Every year about this time, the stores fill up with giant bouquets of flowers and huge red heart balloons. It is the season of love. But look around, and one can see, couples who have risen beyond the store bought ides of love and reached the celebration points of a romance that has stood the test of time.


Whether their marriages have stood for nearly 50 or almost 60 years or more, some couples say that commitment from the start can lead to a partnership that can last.


Sometimes, those romances start with a little help from a friend or family member. Both Dan and JoAnn Ecker and Shirley and Melvin Eddings met their partners on blind dates.


In the Ecker’s case, Dan Ecker’s mother made the introduction.


The Eckers will celebrate their 50th wedding anniversary in May. Herald Democrat readers might recognize JoAnn Ecker because she worked at the newspaper for decades and was often the person who answered the phone in the newsroom and took down birthdays and anniversaries for readers when they called in.


In the Eddings’ case, cupid lived next door to her.


“My best friend and next door neighbor was dating Melvin’s brother,” Shirley said.


She was 14 and he was 18. They went to the movies.


“We didn’t like each other,” she said and then laughed when asked how the date went. On the second date, she said, the ditched the extra couple and got to know one another better and then the attraction started to grow. That growth has continued for the past 58 years.


The two couples are quick to point out that they don’t have any magic advice to give to those hoping to reach their long-standing status as married folks. But they also both pointed to a commitment to family and faith and a willingness to talk things through, as the roots for a marriage that can continue to grow over the years.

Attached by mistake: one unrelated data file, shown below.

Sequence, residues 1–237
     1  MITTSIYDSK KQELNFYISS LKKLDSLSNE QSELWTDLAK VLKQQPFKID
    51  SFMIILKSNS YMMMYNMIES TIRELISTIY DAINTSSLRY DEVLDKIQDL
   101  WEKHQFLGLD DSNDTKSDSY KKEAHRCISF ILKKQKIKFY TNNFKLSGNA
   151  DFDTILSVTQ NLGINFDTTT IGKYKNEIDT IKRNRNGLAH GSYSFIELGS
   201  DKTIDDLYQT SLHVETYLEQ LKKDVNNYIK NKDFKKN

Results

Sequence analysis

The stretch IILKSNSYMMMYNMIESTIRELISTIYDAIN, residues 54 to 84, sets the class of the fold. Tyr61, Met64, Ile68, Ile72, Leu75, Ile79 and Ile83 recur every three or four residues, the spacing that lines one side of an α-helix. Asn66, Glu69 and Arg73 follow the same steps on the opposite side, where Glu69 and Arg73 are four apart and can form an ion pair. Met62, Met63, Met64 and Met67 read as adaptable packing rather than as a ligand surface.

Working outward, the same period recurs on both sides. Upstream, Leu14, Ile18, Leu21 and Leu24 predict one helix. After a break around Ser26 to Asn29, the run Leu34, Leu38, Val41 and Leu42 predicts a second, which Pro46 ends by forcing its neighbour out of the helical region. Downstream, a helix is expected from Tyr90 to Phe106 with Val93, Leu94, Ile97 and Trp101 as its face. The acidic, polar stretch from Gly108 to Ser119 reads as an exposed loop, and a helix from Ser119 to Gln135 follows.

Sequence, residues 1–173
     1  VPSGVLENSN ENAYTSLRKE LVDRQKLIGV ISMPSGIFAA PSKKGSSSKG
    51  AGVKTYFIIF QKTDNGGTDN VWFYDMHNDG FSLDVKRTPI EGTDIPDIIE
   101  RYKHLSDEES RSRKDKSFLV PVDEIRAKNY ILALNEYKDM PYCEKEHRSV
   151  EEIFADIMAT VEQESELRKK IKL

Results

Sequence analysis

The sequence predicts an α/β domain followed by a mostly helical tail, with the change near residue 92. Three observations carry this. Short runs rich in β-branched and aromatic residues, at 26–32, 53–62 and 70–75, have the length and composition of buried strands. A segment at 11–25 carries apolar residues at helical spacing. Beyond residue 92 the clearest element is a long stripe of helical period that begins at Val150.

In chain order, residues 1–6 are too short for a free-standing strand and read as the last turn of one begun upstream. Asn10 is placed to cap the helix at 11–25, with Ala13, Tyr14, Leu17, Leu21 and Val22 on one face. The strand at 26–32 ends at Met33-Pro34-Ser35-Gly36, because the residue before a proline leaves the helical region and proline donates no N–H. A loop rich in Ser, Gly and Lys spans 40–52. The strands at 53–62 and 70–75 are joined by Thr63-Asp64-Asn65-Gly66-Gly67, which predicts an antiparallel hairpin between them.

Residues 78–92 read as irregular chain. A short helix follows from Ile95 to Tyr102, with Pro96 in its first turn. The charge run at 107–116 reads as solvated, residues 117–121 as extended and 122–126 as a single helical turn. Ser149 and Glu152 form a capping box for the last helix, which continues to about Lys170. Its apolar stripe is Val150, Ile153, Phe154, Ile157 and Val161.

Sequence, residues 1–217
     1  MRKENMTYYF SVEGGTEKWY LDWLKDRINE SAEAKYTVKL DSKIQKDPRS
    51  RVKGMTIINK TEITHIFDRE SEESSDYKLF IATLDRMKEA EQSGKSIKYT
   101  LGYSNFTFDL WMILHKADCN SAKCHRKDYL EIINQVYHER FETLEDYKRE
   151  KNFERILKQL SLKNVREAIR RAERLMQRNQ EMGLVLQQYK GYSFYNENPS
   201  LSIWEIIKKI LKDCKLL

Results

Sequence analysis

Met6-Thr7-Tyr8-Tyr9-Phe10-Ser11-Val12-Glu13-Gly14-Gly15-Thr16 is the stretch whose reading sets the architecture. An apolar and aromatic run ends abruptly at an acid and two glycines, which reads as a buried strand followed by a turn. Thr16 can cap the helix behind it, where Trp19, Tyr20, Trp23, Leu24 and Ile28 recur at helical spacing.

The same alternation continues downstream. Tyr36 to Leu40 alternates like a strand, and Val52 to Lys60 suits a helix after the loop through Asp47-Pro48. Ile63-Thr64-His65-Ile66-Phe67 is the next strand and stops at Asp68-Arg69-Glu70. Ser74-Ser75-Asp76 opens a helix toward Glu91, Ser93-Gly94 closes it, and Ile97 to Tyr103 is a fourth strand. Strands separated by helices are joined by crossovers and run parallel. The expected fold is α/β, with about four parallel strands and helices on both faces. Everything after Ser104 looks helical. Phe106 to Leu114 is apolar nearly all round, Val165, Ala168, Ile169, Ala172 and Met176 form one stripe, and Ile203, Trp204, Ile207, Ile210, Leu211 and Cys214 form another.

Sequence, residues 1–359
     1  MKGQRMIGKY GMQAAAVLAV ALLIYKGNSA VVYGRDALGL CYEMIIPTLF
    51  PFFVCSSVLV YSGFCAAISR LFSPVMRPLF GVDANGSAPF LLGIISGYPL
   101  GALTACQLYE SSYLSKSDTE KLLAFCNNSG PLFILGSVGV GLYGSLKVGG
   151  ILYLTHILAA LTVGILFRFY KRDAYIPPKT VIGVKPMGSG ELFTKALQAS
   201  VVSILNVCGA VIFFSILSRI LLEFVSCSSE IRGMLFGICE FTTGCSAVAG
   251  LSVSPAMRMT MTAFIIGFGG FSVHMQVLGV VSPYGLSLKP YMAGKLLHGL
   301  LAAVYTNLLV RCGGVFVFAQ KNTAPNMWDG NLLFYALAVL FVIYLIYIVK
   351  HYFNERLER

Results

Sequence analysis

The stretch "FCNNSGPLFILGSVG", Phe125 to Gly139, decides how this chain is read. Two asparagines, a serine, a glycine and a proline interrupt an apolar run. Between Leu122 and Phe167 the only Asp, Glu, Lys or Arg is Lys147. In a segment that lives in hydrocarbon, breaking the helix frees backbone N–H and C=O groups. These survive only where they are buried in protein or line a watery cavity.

Dan Ecker took his mother’s advice and went on that blind date with the young lady who played organ at the church the Ecker family attended in Gainesville. He had moved to college before his parents moved to Gainesville and he didn’t know anyone in that town when he arrived home on Christmas break.


It was a date that cost his mother almost a whole tank of gas but which eventually netted her a daughter-in-law. JoAnn Street, as she was known back then, was attending college at North Texas. She mentioned that to Dan and he decided they would drive over there so she could show him around. They did that and then they drove over to Sherman. She mentioned that Sherman’s biggest rival was McKinney so they drove down there and looked around.


When they eventually headed for home it was very late and his mother’s gas tank, which had been full when he took the car out, was nearly empty.


They both laughed at the memory and recalled that gas probably cost about 20 cents a gallon back then. They dated six or eight months before Dan decided she was the one.


“I had my life planned out for me as far as going to college,” she said. “So this (idea of marriage) was a surprise for me.”


“I had bought the ring and I had for a couple of days and we were going to go to a movie at the drive-in, it was “Romeo and Juliet,” Dan said.


But first, they went to Dan’s parent’s house to watch something fairly significant on television.


“It was July 20, 1969 and it was the Apollo landing,” she said.


The movie started at about 9:30 p.m. They went to the show and Dan pulled out the ring and asked her if she would marry him.


JoAnn said she didn’t think that she said “yes” right away. Dan said she agreed that night.


They were married the next May.